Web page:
How to choose pastry

How to choose pastry

by Great British Chefs 01 October 2015

Pastry has been made for thousands of years all over the world, and plays a part in many different cultures and cuisines. It comes in many forms, shapes and sizes, and can be used in both savoury and sweet dishes, from the heartiest of pies to the most delicate of patisserie.

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Great British Chefs is a team of passionate food lovers dedicated to bringing you the latest food stories, news and reviews.

When cooking with pastry at home, it is important to select the right one for the job, as although the three most commonly used types (puff, shortcrust and filo) are quite adaptable, they will all give a very different result to the final dish.

Puff pastry

Rich and flaky, puff pastry is often considered the king of pastries with its highly discernible layers and towering rise. It is made from a laminated dough, which means that layers of dough and fat are sandwiched and rolled together, then overlapped a number of times (usually 6–8) to create layers. When cooked, the trapped air between the layers of fat and dough rise, resulting in a flaky, airy pastry.

Commonly used in Britain to top pies or wrap Wellingtons, puff pastry is often found in a range of traditional French dishes such as mille-feuille (a classic patisserie with layers of sweet cream), pithiviers (round, domed pies with a variety of fillings), beef or salmon en croute (meat or fish wrapped in pastry, similar to a Wellington), or the ultimate French classic, a tarte Tatin.

Puff pastry has a relatively delicate structure, so works best when used as a topping for pies, or as a flat base for dry ingredients, which will not soak into the pastry and ruin the layers. In this way, it can be used as a simple tart base – just throw a few ingredients on top and you will have a tasty meal in under an hour, such as in these puff pastry pizzas which make a great after-work treat.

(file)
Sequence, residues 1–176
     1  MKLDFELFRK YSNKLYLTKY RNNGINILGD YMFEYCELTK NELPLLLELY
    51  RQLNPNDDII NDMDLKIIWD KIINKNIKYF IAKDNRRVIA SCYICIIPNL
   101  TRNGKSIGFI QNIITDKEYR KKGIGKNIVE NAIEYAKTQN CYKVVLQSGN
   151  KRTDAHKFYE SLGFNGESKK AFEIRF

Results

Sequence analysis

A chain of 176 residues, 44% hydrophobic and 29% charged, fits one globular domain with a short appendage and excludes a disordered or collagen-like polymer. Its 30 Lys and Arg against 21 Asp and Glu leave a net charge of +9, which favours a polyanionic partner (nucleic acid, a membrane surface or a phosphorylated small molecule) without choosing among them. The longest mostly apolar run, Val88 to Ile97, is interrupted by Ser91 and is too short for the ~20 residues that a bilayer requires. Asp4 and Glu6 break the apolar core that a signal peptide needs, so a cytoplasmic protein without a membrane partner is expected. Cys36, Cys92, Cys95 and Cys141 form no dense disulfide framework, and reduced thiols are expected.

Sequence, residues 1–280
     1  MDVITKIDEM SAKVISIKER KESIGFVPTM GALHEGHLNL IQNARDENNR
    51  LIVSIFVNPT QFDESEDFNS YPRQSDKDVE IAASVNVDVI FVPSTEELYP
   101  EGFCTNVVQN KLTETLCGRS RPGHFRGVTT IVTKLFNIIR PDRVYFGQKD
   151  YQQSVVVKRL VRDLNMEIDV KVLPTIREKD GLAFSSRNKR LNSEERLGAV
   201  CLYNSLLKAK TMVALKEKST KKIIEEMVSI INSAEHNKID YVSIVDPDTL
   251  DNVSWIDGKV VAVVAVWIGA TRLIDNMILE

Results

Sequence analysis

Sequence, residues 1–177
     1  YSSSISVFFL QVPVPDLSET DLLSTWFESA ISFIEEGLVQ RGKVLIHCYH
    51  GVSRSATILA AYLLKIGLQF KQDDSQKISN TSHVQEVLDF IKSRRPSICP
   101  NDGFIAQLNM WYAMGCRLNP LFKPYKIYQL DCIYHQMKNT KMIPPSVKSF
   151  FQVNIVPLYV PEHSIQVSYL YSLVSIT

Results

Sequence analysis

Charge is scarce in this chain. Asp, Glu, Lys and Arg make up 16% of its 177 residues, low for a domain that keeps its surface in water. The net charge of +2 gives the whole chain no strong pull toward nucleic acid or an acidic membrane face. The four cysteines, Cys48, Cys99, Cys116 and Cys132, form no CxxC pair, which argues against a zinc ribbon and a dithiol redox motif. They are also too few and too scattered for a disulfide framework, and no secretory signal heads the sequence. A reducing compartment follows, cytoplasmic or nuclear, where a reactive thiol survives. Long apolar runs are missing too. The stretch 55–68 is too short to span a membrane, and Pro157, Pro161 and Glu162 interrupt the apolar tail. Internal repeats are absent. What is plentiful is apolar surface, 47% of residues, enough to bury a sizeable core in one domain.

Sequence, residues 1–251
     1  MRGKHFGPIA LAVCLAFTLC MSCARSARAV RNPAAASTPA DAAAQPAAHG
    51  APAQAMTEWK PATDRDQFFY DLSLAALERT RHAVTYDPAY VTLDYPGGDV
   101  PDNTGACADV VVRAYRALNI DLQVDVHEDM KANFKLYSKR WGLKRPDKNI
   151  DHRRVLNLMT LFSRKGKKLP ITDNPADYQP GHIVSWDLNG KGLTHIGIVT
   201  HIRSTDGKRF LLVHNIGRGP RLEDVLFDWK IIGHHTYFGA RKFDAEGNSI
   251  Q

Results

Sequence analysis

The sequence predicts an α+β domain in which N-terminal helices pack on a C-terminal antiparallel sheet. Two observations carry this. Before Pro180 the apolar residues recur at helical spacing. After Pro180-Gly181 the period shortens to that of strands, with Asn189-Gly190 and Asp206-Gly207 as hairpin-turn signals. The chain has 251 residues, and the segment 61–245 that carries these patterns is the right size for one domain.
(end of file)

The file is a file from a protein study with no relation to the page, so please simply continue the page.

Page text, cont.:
Shortcrust pastry

Much sturdier than puff, shortcrust pastry is a combined dough of flour and fat, resulting in a crumbly texture, rather than flaky. As it has a much closer crumb structure, it can be used to construct robust cases and exteriors for pies and tarts, and can stand up to both wet and dry fillings.

To create this sturdy base, shortcrust is normally blind baked in the required tin before a filling is added, ensuring the pastry has mostly cooked and dried out first. Quicker variations, such as this caramelised shallot and goat’s cheese galette, don’t require blind baking, but be sure to check that the pastry is cooked underneath before serving.

Easily recognisable in many classic recipes, shortcrust pastry forms the base of savoury quiches, comforting pies and a whole host of sweet desserts, from a traditional Bakewell tart to festive mince pies or an elegant tarte au citron. This adaptable pastry is equally suited to making smaller pies and tarts, making it perfect for individual portions or canapés.

Blind baking

Blind baking, or pre-baking as it's sometimes called, is the process of baking a pie crust or tart case before adding the filling. Baking blind is necessary to ensure the pastry is cooked-through and doesn't become soggy if the filling is too wet. Make sure you fill the pie or case before the pastry is fully baked to avoid over-cooking it.

Filo pastry

Filo pastry is notably different to both puff and shortcrust. Made with relatively little fat, the pastry comes in very thin sheets which usually need to be layered together to create a thin, flaky casing for fillings. The nature of this pastry makes it a popular choice if looking for healthier options, or when time is short, as it cooks far quicker than puff or shortcrust. On the other hand, it is very fragile, and can rip or tear easily when used, and again, is better suited to slightly drier fillings.

While both puff and shortcrust can be manipulated and shaped quite easily, the layers of filo pastry are not quite as flexible. Tart tins can be lined by overlapping the sheets and this creates the distinctive crinkled layers associated with filo. The layers are usually brushed with butter to help them stick together, but oil can be used for a vegan or dairy-free alternative. Filo can be used as a base for tarts and quiches, or in more exotic dishes, such as samosas or these Chicken, manchego and chorizo briouats.